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Mr. Marmalade, Bring Me a Dark Comedy

Get ready to nervous laugh and self-reflect during an upcoming UH performance about four-year-old Lucy and her imaginary friend who’s anything but friendly.

“There’s more to this than meets the eye.” This idiom perfectly captures Noah Haidle’s black comedy play, “Mr. Marmalade.”

On the surface, “Mr. Marmalade” is about Lucy and her imaginary friend, a businessman who’s addicted to cocaine, dependent on alcohol and lugs around a suitcase full of… toys. However, through the overactive, metaphoric imagination of a four-year-old, Haidle examines how children are often forced to navigate the choppy waters of childhood trauma alone.

First-time lead dramaturg Logan Butcher can’t wait to see audiences’ reactions when the play, which runs from October 5 – 7 in Studio 208, opens at the UH School of Theatre & Dance.

“I’m excited to finally get this in front of people and watch the audience watch the show,” Butcher says. “It’ll get people in their emotions first and then, hopefully, get them to start thinking. I love those kinds of plays.”

With the help of the assistant dramaturgs and director Adam Noble, Butcher’s research for “Mr. Marmalade” allowed him to gain insight into the show’s deeper themes.

Butcher says the play examines how some childhoods are far from ideal and how this dissonance can affect kids whose upbringing is disrupted by abuse and neglect. The show also studies how society’s perception of children is often different from what children actually perceive and internalize.

“The plot is a real exploration into the psychology of that neglected four-year-old girl,” Butcher adds.

To prepare for her role as Lucy, Alyssa Marek worked with Noble to better understand how the production will balance the dark and humorous elements. They also explored ways Marek as an actress could handle scenes involving sensitive topics, in an effort to find the appropriate balance that’ll best serve the show.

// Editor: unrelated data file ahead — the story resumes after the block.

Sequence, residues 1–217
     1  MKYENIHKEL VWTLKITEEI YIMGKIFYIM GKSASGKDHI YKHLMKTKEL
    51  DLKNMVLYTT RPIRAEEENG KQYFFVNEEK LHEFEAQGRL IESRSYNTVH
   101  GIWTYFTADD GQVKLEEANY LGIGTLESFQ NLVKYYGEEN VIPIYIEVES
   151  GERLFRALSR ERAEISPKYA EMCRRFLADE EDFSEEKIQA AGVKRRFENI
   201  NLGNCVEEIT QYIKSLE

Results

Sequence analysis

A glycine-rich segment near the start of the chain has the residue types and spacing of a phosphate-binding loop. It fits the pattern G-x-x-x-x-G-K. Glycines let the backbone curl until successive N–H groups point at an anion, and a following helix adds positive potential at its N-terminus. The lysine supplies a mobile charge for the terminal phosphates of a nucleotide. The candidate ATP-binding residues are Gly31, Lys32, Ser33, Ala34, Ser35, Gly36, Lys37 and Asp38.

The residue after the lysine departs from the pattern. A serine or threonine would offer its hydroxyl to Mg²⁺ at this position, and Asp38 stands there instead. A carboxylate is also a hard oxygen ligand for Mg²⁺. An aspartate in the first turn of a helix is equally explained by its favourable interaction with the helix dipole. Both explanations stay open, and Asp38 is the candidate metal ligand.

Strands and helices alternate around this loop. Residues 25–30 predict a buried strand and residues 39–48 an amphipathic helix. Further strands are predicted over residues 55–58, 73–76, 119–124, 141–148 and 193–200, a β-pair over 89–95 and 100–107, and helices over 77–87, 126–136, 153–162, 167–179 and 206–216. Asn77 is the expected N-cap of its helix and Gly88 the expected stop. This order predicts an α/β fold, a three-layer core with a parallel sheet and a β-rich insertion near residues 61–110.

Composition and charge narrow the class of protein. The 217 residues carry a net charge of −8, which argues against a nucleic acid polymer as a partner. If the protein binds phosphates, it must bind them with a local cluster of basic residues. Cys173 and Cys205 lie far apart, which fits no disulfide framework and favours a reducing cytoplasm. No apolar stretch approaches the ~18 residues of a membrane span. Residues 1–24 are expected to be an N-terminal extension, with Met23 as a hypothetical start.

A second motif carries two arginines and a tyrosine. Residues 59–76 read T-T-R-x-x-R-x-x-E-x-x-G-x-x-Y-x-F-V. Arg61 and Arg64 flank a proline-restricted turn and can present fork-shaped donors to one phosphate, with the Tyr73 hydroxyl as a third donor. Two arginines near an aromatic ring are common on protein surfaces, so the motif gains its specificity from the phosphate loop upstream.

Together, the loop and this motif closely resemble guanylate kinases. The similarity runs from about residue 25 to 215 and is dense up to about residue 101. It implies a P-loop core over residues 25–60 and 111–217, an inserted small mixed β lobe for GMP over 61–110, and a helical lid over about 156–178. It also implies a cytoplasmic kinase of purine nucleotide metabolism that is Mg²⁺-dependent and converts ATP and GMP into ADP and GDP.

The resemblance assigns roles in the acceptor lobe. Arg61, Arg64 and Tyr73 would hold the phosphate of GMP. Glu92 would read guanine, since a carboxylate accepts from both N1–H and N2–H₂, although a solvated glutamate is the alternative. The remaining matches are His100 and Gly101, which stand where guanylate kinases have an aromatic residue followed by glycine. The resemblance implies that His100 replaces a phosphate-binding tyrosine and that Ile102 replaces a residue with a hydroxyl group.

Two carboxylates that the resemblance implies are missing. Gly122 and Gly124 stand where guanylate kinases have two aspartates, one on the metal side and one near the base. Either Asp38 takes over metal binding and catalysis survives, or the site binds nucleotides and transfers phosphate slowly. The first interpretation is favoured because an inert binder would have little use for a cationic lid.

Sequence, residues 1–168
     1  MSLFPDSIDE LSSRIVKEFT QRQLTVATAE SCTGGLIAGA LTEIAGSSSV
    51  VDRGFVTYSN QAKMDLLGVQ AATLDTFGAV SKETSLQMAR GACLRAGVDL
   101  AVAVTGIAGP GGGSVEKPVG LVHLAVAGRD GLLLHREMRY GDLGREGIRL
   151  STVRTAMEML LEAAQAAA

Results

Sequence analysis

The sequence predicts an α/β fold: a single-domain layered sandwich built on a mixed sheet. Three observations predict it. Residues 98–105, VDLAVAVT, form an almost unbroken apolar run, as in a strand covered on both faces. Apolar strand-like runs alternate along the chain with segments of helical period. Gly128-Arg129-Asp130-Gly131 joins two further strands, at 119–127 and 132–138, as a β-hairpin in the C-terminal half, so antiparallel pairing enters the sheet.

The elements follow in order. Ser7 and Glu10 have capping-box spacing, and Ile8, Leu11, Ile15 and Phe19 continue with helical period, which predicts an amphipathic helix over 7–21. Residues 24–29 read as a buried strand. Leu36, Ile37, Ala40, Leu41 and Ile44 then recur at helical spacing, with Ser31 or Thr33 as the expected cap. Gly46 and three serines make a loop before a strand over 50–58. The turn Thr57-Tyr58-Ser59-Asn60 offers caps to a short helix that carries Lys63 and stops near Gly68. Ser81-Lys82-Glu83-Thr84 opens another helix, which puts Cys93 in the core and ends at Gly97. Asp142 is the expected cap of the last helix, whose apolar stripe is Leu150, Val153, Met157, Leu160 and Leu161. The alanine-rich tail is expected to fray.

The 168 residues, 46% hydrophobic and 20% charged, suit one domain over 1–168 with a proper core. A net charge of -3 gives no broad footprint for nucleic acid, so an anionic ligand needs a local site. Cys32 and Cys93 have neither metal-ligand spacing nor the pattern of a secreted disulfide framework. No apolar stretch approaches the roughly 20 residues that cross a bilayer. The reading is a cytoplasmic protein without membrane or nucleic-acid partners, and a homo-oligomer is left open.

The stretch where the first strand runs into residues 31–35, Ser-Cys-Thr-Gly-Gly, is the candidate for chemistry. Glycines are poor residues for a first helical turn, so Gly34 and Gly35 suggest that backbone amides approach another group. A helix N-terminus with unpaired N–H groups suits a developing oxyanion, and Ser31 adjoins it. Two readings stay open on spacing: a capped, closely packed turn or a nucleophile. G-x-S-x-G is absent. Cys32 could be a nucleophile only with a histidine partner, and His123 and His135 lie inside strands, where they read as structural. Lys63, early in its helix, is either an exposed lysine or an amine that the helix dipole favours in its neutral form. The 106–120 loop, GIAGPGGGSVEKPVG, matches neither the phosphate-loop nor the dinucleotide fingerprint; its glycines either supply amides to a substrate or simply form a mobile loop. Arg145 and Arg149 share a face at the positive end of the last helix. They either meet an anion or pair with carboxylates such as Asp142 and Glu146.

“The director and I talked about how people’s actions, how people treat others, can really affect the lives and outcome of other people,” says Marek.

Regarding how the production should deal with heavy matter, Butcher feels the same as Marek.

“You don’t necessarily want to skirt around the touchy aspects of the play or distort the playwright’s intent,” he says. “We fully intend to explore them and to tackle them in a way that hopefully speaks to the intent and in a manner that’s most respectful to the actors who actually portray the scenes.” 

To balance out the sobering themes, the play includes comedy that’ll make audiences both laugh and sweat.  

For example, the production plans to uncover the contents of Mr. Marmalade’s briefcase with the purpose of making the audience smile — and think. In reality, the briefcase is more than a saucy joke; the case symbolizes the intimate, sordid details that make up the character Mr. Marmalade, as well as the internalized expectations Lucy has of men, Butcher explains.

Marek looks forward to acting out situations and intense subject matter interpreted through the eyes and mind of a child.

“It gets funny, extremely funny. And then it gets extremely dark, disturbing and uncomfortable,” Marek says. “So, we, the actors, get to play with two ends of the spectrum that can make you laugh or make you squeamish.”

Butcher considers the play “a nonrealistic comedy” that’ll take audiences into very dark places where they can laugh and gasp — and maybe even be shocked into a contemplative state. 

“Once you’ve seen the show, it should be clear that all of those little transgressions that you thought were flying over a child’s head entirely were actually being ingrained deep into their psyche,” Butcher says. “Children are mental sponges, and they can extrapolate plenty of information from the examples you set, even if you don't think they can.”

Mr. Marmalade is sold out online, but standby tickets are available on the day of the show. Learn more about our standby ticket policy.